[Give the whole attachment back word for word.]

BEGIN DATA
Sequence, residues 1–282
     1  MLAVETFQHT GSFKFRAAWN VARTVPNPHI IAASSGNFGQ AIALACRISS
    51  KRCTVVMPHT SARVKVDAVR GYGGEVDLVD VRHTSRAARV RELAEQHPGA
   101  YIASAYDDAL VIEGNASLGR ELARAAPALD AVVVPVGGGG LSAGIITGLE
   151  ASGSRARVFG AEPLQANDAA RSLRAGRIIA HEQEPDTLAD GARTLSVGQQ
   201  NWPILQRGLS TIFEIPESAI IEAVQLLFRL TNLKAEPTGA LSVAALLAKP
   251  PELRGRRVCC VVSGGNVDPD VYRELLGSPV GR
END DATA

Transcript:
Sequence, residues 1–282
     1  MLAVETFQHT GSFKFRAAWN VARTVPNPHI IAASSGNFGQ AIALACRISS
    51  KRCTVVMPHT SARVKVDAVR GYGGEVDLVD VRHTSRAARV RELAEQHPGA
   101  YIASAYDDAL VIEGNASLGR ELARAAPALD AVVVPVGGGG LSAGIITGLE
   151  ASGSRARVFG AEPLQANDAA RSLRAGRIIA HEQEPDTLAD GARTLSVGQQ
   201  NWPILQRGLS TIFEIPESAI IEAVQLLFRL TNLKAEPTGA LSVAALLAKP
   251  PELRGRRVCC VVSGGNVDPD VYRELLGSPV GR